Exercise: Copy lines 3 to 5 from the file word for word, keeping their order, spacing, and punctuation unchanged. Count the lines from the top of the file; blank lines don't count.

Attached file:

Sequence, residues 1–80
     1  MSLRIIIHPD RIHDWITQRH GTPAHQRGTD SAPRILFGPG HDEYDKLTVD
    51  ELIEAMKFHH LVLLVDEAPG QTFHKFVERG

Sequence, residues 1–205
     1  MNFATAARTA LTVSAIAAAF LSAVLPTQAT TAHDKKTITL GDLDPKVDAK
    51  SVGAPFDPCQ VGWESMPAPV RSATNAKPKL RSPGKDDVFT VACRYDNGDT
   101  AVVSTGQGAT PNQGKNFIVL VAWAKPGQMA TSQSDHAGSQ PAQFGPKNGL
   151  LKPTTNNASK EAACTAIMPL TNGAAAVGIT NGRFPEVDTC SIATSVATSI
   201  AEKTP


    51  ELIEAMKFHH LVLLVDEAPG QTFHKFVERG

Sequence, residues 1–205
     1  MNFATAARTA LTVSAIAAAF LSAVLPTQAT TAHDKKTITL GDLDPKVDAK